Consequences of fear
T P Sreenivasan
Last Updated : 31 Oct 2011 11:07:39 PM IST
Terrorism won its ultimate victory when fear gripped the world forever. We see the consequences of it everywhere. Nobody can envisage a world without elaborate security checks at airports, hotels and other public places. The effort, the inconvenience and the expenses incurred on security checks at airports flow out of fear. One of the symbols of a changed world after 9/11 is the security check, which makes people stand in line in different stages of undress to prove their innocence. Someone said that the worst punishment for Osama was not death, but a decree that he should go through security checks again and again at a US airport for the rest of his life. He would know only then the horrible heritage he had bequeathed.
The US changed more than the rest of the world after 9/11. It felt most vulnerable even with a nuclear arsenal, which could destroy the world many times over. It was stunned into the reality of the power of the future. The re-election of President Bush was itself a direct consequence of the fear America felt. The people of the US were convinced that no one else could ensure homeland security, which had become the new buzz word. No wonder he went after Saddam Hussein and Osama bin Laden in his war against terror. But the US strategy of dealing with enemies too changed out of the same fear. It does not assassinate its enemies or invade countries any more. It has found it necessary to use an uprising, if it exists, or invent one if it does not. ‘Do not meddle with the US; if you do, we will bring democracy to you’, seems to be the warning. In an earlier era, justice was swifter and action was more direct. Today, it is social networking that is used to ignite the fire of democracy that engulfs the once powerful dictators. Stealth rather than military strength plays the crucial role in bringing them to justice.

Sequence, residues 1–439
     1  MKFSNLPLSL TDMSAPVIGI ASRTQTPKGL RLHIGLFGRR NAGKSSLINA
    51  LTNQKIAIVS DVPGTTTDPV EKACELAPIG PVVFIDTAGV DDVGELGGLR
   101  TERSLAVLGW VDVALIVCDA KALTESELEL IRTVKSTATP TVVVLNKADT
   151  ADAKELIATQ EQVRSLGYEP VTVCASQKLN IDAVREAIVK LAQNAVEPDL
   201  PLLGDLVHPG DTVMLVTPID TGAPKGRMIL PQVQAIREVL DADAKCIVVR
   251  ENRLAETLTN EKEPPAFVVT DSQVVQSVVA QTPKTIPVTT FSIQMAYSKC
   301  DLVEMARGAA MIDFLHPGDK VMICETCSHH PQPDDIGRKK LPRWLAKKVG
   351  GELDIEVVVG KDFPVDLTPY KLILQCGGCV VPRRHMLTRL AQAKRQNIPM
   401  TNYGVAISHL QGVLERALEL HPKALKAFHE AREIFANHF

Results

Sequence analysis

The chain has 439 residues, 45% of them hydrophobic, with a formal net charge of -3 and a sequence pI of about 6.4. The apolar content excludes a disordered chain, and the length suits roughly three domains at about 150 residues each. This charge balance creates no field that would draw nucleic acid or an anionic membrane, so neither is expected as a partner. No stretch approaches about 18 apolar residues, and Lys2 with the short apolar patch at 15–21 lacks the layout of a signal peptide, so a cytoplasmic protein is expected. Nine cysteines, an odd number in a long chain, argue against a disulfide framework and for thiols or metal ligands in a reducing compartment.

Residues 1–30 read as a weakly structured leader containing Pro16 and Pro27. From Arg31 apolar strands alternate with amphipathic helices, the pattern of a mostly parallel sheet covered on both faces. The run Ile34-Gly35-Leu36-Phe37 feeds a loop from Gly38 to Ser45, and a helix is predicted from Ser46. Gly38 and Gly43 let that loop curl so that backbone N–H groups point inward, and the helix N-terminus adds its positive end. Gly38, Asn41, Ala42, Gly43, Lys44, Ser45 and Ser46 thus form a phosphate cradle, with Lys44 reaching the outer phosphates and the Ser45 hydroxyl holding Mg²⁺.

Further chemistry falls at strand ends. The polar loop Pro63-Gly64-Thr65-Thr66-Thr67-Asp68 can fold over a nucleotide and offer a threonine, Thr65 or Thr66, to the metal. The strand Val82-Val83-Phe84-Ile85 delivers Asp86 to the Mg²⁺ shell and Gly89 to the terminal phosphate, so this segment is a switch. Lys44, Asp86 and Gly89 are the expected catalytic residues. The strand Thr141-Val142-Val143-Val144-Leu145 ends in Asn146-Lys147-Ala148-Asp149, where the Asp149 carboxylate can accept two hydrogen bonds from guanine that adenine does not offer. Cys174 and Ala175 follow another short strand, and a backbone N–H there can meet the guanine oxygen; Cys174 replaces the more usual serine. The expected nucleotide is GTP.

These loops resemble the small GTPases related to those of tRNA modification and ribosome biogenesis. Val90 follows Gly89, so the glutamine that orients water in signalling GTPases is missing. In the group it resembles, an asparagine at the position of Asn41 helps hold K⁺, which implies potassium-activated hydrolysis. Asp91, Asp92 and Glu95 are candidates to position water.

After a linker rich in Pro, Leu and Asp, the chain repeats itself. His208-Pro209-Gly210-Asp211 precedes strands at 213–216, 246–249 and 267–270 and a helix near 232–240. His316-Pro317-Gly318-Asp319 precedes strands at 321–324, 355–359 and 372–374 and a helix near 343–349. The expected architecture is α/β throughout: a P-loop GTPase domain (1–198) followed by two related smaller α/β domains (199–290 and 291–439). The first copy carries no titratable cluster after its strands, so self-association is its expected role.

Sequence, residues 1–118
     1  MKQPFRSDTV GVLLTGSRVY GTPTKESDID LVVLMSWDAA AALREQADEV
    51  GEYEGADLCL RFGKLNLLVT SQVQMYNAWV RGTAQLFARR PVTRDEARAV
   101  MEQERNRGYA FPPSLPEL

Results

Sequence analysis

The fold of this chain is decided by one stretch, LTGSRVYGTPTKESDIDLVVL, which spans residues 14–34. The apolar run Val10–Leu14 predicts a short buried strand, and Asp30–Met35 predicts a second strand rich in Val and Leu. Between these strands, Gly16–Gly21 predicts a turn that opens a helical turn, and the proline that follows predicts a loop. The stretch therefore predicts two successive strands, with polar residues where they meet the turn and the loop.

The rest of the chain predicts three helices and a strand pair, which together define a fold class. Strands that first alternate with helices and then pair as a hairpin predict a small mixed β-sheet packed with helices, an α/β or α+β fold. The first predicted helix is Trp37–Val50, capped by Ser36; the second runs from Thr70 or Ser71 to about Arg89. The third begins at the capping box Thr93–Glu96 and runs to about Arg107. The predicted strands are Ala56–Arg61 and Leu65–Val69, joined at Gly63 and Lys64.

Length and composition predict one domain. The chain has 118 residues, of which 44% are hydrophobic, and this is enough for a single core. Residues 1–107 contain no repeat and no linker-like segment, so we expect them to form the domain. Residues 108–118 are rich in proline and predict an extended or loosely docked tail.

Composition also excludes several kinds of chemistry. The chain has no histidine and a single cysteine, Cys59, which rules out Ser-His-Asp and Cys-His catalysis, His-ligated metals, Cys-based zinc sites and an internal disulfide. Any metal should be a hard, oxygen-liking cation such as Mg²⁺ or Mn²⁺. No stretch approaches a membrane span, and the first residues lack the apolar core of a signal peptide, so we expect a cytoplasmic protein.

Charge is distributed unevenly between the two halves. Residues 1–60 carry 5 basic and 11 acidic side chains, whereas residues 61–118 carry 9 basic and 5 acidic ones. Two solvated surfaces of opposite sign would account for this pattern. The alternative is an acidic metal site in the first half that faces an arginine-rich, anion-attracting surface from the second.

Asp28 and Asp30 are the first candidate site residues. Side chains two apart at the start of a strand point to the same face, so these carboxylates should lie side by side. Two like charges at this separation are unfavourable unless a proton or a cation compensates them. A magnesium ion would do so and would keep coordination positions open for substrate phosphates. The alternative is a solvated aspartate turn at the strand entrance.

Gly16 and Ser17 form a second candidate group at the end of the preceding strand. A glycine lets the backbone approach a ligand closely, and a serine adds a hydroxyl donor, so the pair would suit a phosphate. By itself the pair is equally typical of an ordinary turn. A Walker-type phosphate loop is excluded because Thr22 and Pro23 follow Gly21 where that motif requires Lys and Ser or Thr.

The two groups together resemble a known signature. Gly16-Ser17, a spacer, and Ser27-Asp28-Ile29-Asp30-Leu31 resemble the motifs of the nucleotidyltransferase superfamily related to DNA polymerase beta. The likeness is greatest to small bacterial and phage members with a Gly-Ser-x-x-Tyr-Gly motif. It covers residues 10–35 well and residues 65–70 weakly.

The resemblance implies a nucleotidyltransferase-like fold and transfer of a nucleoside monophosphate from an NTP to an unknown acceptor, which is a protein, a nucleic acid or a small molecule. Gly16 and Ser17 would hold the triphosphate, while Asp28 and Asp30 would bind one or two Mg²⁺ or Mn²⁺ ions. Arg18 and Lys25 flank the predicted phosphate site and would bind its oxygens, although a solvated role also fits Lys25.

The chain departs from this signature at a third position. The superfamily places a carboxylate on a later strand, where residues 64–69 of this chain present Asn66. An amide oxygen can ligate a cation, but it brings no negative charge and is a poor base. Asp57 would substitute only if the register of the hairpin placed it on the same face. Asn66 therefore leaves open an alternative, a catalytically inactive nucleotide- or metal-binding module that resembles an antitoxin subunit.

Those who may have watched the final moments of Saddam, Osama and Gaddafi may have noticed some common features. All of them lasted much longer than expected; the news of their death having been flashed across the globe long before they were found and executed. When their killings came, it looked as though it was a mere formality. We had come to expect the killings as they were seen by many as the enemy of the people. The Americans and NATO, as the case may be, were mere executioners. Questions even remained as to who pulled the trigger. The possibility of their own people having dealt the final blow was left open.
The new dispensation of regime change is catching on, but the question to be asked is whether it would have made any difference to the United States if the three had lived on. Did the movements that the West create to brand them as enemies go out of control? Was the final decision to eliminate them taken by the West or by the people who were ruled by them? Perhaps, the United States transferred their fear to the people of the world, particularly to the people of Iraq and Libya in the case of Saddam and Gaddafi. With short memories, the general public began to see them as dangerous and rejoiced in their elimination. The crowds in Benghazi did not look as though they were ruled for 42 years by the man who lay dead in a public mortuary.